A subsequent study was undertaken to elucidate the separate effects of protein and calorie intake on the progression of renal disease in cats. 38 A group of 28 adult female cats with experimentally induced renal failure was divided into four groups according to initial GFR. Each group received one of four diets for a 12-month period: low protein/low calorie, low protein/high calorie, high protein/low calorie, or high protein/high calorie. GFR did not decrease in any of the groups during the 12-month study period. Mild to moderate renal glomerular lesions were observed in all groups, but their development was not affected by either protein level or caloric intake. On the other hand, nonglomerular lesions in the kidneys were reported in cats fed the high-calorie diets but not in those fed the high-protein diets. The cat appears to be similar to the dog in that feeding a diet containing adequate protein does not exacerbate chronic renal disease.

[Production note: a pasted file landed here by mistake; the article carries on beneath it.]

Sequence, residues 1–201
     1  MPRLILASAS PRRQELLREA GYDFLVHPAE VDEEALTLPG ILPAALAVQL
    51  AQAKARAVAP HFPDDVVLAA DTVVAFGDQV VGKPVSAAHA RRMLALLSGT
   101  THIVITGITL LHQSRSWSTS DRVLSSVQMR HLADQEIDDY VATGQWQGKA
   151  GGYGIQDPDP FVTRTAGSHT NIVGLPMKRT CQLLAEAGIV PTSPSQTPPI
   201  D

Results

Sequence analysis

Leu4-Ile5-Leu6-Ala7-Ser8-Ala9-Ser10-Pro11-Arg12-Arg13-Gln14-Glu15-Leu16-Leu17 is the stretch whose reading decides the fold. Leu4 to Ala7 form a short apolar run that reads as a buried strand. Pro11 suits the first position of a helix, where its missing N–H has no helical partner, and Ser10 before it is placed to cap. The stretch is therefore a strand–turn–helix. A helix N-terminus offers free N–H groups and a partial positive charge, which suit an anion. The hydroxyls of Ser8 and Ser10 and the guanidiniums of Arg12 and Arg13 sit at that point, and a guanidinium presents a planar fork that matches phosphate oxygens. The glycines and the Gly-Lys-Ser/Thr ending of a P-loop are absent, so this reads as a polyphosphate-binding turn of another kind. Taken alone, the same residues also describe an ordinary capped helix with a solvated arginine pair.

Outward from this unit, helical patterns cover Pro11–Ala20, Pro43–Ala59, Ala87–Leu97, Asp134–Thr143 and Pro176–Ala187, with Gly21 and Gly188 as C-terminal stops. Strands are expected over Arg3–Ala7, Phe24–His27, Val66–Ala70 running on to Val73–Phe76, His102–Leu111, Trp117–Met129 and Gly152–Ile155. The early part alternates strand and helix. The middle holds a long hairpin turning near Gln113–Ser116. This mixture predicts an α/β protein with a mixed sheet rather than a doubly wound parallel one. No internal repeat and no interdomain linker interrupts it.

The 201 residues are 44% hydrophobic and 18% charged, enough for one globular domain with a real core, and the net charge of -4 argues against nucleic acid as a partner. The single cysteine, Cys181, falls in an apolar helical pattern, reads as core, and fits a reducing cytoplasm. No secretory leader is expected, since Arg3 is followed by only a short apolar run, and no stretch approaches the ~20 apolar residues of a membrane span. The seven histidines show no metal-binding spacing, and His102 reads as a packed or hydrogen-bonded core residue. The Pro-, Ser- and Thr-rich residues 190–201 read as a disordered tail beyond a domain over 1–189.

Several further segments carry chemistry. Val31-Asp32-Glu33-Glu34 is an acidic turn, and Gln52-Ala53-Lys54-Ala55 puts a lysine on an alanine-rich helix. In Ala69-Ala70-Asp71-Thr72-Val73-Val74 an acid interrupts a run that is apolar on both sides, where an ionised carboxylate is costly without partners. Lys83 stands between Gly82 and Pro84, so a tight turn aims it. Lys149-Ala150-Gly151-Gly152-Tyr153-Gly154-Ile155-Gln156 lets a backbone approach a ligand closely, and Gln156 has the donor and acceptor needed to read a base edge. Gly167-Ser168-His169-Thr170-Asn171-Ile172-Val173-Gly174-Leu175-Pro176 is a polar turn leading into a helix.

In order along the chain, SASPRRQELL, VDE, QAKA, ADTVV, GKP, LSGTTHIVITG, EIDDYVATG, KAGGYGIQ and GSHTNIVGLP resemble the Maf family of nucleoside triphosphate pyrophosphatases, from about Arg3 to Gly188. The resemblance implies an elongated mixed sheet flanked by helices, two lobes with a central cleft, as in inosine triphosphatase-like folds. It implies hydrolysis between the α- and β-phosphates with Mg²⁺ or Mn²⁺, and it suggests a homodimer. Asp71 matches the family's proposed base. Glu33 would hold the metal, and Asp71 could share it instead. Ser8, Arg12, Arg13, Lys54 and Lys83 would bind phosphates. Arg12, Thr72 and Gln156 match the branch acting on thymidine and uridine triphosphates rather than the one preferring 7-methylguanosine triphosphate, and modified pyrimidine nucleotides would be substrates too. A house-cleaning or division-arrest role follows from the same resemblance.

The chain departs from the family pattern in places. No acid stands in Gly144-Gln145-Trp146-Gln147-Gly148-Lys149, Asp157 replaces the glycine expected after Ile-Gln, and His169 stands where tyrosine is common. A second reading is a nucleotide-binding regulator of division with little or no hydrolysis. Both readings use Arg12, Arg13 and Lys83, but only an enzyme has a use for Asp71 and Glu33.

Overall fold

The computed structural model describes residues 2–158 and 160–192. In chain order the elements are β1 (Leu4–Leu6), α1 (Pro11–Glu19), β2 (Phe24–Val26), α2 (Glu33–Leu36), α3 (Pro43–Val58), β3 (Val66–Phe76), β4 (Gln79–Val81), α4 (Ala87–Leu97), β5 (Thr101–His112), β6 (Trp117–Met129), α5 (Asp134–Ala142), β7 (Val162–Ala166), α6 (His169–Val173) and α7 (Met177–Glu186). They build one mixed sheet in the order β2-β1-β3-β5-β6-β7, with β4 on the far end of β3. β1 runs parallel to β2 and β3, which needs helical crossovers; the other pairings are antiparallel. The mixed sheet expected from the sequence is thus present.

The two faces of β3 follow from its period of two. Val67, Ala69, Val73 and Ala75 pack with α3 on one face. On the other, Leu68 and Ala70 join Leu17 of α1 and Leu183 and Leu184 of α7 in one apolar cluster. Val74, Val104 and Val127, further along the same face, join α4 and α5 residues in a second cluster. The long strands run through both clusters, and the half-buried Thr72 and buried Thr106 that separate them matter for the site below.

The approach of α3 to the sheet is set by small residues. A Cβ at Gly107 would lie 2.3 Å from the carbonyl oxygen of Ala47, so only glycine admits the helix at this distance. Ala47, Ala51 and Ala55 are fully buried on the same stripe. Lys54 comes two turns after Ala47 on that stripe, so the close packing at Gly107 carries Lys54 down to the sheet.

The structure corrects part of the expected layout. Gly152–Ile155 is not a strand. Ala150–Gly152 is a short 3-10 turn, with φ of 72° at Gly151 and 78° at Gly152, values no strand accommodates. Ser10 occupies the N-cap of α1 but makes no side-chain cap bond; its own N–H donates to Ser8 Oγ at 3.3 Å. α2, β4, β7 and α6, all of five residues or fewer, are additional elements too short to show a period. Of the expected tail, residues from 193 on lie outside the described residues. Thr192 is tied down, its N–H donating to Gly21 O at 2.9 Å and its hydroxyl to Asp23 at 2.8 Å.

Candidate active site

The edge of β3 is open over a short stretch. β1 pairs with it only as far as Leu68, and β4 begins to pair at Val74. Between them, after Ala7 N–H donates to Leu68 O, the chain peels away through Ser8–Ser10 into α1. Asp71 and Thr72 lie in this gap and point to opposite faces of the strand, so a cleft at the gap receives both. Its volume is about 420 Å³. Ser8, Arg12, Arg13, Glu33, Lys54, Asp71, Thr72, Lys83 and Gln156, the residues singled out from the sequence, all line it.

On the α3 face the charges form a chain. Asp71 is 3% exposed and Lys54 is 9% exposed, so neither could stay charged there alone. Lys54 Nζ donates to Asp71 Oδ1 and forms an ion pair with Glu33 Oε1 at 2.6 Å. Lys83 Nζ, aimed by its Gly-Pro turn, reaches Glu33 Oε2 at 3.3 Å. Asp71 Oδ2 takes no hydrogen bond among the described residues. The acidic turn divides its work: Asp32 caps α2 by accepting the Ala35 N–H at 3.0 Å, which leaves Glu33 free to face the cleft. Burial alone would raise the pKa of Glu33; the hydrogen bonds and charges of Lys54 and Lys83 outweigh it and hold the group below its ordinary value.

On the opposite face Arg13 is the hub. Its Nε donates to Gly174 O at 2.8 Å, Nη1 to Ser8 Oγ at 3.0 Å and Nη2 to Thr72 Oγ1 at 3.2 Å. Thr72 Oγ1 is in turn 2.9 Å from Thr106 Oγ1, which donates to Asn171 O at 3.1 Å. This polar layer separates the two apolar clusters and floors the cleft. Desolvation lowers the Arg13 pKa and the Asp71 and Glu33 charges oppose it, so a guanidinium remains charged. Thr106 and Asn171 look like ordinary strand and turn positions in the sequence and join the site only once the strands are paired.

Because of the early research studies with rats and because it has been hypothesized that elderly pets experience some loss of renal function as a normal process of aging, it became popular during the 1980s to advocate feeding low-protein diets to older animals, with the intent of slowing the rate of renal deterioration. However, no research has shown that there is an obligatory loss of kidney function with aging in either dogs or cats. 39.40. and 41. Elderly pets require adequate levels of high-quality protein to help to minimize losses of protein reserves and satisfy their maintenance needs (see Section 4, pp. 268-270). Long-term restriction of dietary protein in both dogs and cats is associated with several inherent dangers. Protein deficiency results in impaired immunological response and resistance to infection, reduced hemoglobin production and anemia, decreased plasma protein levels, and muscle wasting. 42. and 43. Restricting protein in older pets when it is not necessary can lead to further loss of protein reserves, malnutrition, and clinical signs associated with protein or amino acid deficiency. Finally, foods with severely reduced protein are low in palatability, which can lead to reduced intake that can further exacerbate protein deficiency. For example, when a diet containing 27.6% protein was fed to cats with ⅚ renal ablation, the cats consumed significantly less food when compared with cats fed 51.7% protein. 37 The cats fed the low-protein diet lost weight and developed hypoalbuminemia, a clinical sign of protein malnutrition. In contrast, cats fed the high-protein diet gained weight and did not develop protein deficiency. Consideration of the detrimental effects of protein restriction is particularly important in cats because this species does not readily adapt to reduced-protein diets (see Section 2, pp. 92-95).